University of Texas at Austin Student Wins EPA Grant for Water Quality Study

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A University of Texas-Austin student has been awarded a Science to Achieve Results (STAR) Graduate Fellowship from the U.S. Environmental Protection Agency. Arley F. Muth is one of 52 graduate students across the nation to receive the grants that helps students further education while conducting research in environmental fields of study.

“As one of the nation’s premier research universities, UT-Austin can be proud of the work of its students and for fostering the next generation of leaders in environmental science,” says EPA Regional Administration Ron Curry. “Congratulations to the future Dr. Muth and to all of this year’s STAR fellows.”

Muth is pursuing a Ph.D. and researching water quality in estuaries and along coasts. The STAR grant of $132,000 was awarded for Muth’s project on ocean acidification, “Algal and Invertebrate Assemblages in Varying Oceanographic Conditions: Effects of Ocean Acidification on Recruitment, Early Succession, and Grazing along the Pacific Coast of the U.S. and Chile.”

This class of STAR Graduate Fellows was selected from a large number of applications in a highly competitive review process and is as impressive as it is diverse. The graduate students are studying and conducting research at 37 U.S. universities in disciplines such as atmospheric chemistry, green energy, hydrogeology and predictive toxicology. Master’s students are awarded a maximum funding of $88,000 over two years and doctoral students are awarded up to $132,000 for three years to support their graduate research and studies.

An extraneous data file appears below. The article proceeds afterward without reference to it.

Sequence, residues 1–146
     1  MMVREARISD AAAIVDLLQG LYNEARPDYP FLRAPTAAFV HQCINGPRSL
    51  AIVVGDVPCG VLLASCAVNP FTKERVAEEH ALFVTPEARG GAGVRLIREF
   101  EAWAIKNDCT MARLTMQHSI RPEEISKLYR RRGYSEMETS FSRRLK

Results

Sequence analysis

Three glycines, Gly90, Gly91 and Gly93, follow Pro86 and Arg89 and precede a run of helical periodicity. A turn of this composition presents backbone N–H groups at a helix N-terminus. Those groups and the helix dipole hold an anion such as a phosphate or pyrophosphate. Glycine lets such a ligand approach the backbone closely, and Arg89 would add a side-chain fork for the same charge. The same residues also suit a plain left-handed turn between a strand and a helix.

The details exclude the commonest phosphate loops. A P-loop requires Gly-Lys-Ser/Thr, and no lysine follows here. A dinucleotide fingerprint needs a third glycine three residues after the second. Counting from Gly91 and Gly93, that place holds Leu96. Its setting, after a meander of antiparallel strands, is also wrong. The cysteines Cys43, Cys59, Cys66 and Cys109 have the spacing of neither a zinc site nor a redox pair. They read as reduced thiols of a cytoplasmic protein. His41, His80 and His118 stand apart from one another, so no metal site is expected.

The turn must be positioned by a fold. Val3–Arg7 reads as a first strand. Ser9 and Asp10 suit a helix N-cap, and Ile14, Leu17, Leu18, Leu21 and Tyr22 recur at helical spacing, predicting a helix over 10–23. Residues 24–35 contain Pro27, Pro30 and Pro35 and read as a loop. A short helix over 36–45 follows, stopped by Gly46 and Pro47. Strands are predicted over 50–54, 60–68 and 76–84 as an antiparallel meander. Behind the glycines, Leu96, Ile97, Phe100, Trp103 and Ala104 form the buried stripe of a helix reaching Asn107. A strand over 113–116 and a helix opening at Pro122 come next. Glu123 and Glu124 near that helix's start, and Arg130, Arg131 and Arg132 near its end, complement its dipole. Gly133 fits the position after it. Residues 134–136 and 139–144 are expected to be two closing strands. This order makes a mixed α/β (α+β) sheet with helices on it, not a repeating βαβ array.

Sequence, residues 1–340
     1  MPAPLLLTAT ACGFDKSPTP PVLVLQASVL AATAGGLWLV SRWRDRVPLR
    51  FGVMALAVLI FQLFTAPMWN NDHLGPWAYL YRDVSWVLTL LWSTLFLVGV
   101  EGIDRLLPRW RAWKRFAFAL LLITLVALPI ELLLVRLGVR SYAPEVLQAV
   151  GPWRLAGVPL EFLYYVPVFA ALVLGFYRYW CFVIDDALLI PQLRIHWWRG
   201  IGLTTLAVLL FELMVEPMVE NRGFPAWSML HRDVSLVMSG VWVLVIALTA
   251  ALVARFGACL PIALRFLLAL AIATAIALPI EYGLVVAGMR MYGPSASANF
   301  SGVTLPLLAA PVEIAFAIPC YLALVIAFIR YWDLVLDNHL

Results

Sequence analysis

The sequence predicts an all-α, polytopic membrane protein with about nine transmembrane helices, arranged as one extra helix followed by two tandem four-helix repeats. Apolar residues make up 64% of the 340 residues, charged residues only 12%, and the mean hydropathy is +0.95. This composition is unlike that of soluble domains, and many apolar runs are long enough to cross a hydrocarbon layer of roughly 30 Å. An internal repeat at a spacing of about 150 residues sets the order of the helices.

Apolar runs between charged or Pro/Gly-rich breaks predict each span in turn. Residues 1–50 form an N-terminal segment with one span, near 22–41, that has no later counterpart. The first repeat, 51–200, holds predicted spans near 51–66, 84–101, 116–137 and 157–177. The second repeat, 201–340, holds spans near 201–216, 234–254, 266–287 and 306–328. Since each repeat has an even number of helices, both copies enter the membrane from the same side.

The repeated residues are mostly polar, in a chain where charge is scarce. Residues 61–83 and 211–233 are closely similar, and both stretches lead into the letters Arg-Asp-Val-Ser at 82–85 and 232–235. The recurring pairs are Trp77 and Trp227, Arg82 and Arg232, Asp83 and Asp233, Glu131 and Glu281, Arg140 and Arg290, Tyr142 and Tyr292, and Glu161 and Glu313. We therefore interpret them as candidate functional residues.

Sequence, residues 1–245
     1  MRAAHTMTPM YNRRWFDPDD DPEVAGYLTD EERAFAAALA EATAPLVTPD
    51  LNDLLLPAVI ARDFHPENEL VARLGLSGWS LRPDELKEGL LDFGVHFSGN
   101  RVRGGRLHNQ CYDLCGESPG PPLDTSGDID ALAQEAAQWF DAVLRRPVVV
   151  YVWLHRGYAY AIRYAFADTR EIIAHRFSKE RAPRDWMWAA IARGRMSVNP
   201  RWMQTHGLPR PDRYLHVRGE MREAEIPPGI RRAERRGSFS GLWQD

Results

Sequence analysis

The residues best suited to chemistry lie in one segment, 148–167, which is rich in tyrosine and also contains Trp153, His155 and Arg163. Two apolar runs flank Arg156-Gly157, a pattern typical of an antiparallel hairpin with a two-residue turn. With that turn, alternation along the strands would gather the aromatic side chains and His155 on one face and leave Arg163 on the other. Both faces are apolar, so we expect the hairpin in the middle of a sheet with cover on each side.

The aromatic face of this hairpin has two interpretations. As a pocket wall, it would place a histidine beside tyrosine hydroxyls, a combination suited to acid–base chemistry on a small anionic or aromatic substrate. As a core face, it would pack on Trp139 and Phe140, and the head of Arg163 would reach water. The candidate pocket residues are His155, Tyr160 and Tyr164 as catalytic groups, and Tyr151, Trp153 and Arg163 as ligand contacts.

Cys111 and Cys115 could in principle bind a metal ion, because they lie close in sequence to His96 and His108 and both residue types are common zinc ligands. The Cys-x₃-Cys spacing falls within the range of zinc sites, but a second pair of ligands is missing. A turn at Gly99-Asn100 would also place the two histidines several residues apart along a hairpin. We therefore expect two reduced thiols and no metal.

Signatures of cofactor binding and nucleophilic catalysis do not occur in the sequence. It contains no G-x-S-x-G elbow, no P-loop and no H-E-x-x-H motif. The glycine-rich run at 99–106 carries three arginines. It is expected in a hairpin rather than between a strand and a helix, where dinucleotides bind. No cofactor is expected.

Since the program began more than 20 years ago, graduate students from the STAR Fellowship Program have engaged in innovative research opportunities leading some to become prominent leaders in environmental science. The program has awarded nearly 2,000 students more than $65 million in funding since 1995. This year’s STAR Fellows are poised to become the next generation of environmental professionals who can make significant impacts in environmental science and beyond.

As part of a federal-wide reorganization of programs supporting science, technology, engineering and mathematics (STEM), the funding for EPA’s STAR and Greater Research Opportunities (GRO) fellowship programs has been consolidated this year with the National Science Foundation fellowship programs. This reorganization strategically increases federal resources for STEM undergraduate and graduate education into one agency allowing more students fellowship opportunities. EPA is also a partner with the NSF through the Graduate Research Internship Program, which has a number of federal agencies as partners. This program expands opportunities for NSF Graduate Research Fellows to enhance their professional development through an internship at EPA where they can participate in research experience and receive mentoring from scientists, all while focusing on the protection of human health and the environment.


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